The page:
Friday, October 29, 2010

U.K. Security Agencies Want Internet Service Providers To Routinely Store ALL User Email And Web Activities For 1 Year (Does This Sound Like Freedom?)

"A massive [U.K.] government database holding details of every phone call, e-mail and time spent on the internet by the public is being planned as part of the fight against crime and terrorism. Internet service providers (ISPs) and telecoms companies would hand over the records to the Home Office under plans put forward by officials"

"The information would be held for at least 12 months and the police and security services would be able to access it..."

"Industry sources gave warning that a single database would be at greater risk of attack and abuse.

Jonathan Bamford, the assistant Information Commissioner, said: “This would give us serious concerns and may well be a step too far. We are not aware of any justification for the State to hold every UK citizen’s phone and internet records. We have real doubts that such a measure can be justified, or is proportionate or desirable. We have warned before that we are sleepwalking into a surveillance society. Holding large collections of data is always risky - the more data that is collected and stored, the bigger the problem when the data is lost, traded or stolen.” "

The Times - ‘Big Brother’ database for phones and e-mails


This plan was previously put on hold because of implementation difficulties and resistance. The above article is from 2008. The plan has been brought back... [James]


"[Information Commissioner's Office] ICO objects to government data retention plans
Watchdog questions need to store emails and internet history for a year

The government's plans to store UK citizens' emails and internet history have been criticised by the Information Commissioner as going too far.

The Strategic Defence and Security Review, published last week, includes plans to force ISPs, and potentially all companies, to store email and internet data for at least one year." - 26 Oct 2010 - ICO objects to government data retention plans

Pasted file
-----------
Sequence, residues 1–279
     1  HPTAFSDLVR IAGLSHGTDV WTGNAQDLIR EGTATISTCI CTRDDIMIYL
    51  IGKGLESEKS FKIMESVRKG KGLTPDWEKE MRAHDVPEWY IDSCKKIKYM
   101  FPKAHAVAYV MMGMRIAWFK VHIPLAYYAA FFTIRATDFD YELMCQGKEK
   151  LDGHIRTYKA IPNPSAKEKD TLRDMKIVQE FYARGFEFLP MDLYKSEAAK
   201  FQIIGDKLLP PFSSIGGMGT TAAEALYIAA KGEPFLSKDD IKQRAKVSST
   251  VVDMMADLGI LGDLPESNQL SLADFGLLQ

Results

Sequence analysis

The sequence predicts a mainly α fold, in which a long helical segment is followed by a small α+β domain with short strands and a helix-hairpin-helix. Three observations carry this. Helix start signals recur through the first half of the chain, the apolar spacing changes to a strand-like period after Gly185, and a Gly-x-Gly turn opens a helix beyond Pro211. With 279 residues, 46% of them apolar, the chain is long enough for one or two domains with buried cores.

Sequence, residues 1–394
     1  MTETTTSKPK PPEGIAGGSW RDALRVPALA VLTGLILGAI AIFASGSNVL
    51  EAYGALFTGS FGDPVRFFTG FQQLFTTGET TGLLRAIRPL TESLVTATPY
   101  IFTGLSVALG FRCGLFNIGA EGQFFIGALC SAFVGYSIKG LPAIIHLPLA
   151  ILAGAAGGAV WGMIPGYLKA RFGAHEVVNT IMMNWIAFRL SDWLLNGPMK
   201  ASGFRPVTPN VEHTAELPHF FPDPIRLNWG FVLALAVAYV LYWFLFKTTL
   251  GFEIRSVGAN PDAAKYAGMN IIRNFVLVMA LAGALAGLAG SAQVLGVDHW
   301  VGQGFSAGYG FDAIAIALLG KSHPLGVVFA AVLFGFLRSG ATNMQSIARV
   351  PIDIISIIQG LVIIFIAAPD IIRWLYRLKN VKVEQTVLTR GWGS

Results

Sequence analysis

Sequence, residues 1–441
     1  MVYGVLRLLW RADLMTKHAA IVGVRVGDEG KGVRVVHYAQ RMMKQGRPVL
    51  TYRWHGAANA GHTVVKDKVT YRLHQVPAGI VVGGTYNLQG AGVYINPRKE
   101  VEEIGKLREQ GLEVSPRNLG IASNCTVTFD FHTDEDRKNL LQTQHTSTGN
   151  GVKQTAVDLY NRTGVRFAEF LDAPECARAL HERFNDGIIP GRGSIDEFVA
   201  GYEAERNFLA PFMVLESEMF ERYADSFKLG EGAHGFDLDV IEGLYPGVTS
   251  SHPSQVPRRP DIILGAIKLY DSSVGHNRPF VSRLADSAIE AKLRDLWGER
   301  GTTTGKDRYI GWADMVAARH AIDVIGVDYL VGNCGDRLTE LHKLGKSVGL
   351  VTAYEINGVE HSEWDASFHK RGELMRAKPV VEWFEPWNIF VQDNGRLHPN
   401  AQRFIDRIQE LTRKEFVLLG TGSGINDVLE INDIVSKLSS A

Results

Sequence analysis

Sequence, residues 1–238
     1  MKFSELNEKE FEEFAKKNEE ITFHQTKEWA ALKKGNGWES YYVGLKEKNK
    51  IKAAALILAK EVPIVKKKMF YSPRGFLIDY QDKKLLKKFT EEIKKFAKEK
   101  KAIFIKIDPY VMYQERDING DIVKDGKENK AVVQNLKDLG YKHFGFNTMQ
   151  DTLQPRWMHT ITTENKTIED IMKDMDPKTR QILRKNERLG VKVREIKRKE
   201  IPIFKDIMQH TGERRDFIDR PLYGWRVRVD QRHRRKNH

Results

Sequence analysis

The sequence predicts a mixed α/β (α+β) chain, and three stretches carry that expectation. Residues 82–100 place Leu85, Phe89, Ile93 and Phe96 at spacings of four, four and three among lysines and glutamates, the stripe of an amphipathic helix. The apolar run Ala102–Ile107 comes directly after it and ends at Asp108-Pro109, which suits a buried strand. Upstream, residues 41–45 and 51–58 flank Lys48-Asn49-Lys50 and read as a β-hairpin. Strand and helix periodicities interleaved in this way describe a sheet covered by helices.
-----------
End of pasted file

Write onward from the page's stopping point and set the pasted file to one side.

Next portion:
"A resurrected plan to force internet service providers (ISPs) to store their customers’ personal internet browsing habits has been called “disproportionate” by the Information Commissioner’s Office (ICO).

Despite the coalition government promising to outlaw the retention of internet and email records stored without good reason, the recent Strategic Defence and Security Review said that the former Labour government’s project would be revived.

ISPs and mobile operators already record, and retain for six months, email header information and web access details such as log-on/off times, IP address and details of dial-up numbers. Under the new regulations, this data would be supplemented with web activity logs, currently held for four days, and the complete data set would then be stored for a year."

IT Pro - Official privacy watchdog calls the former Labour plan “disproportionate”


"In the July 2009 response, the ICO said that the value communications data has for crime prevention and detection was not justification enough for "mandating" the collection of all possible communications data on subscribers by communications services providers (CSPs)." - Internet data project has 'privacy risks'


"President of the United States (and former General of the Army) Dwight D. Eisenhower used the term in his Farewell Address to the Nation on January 17, 1961: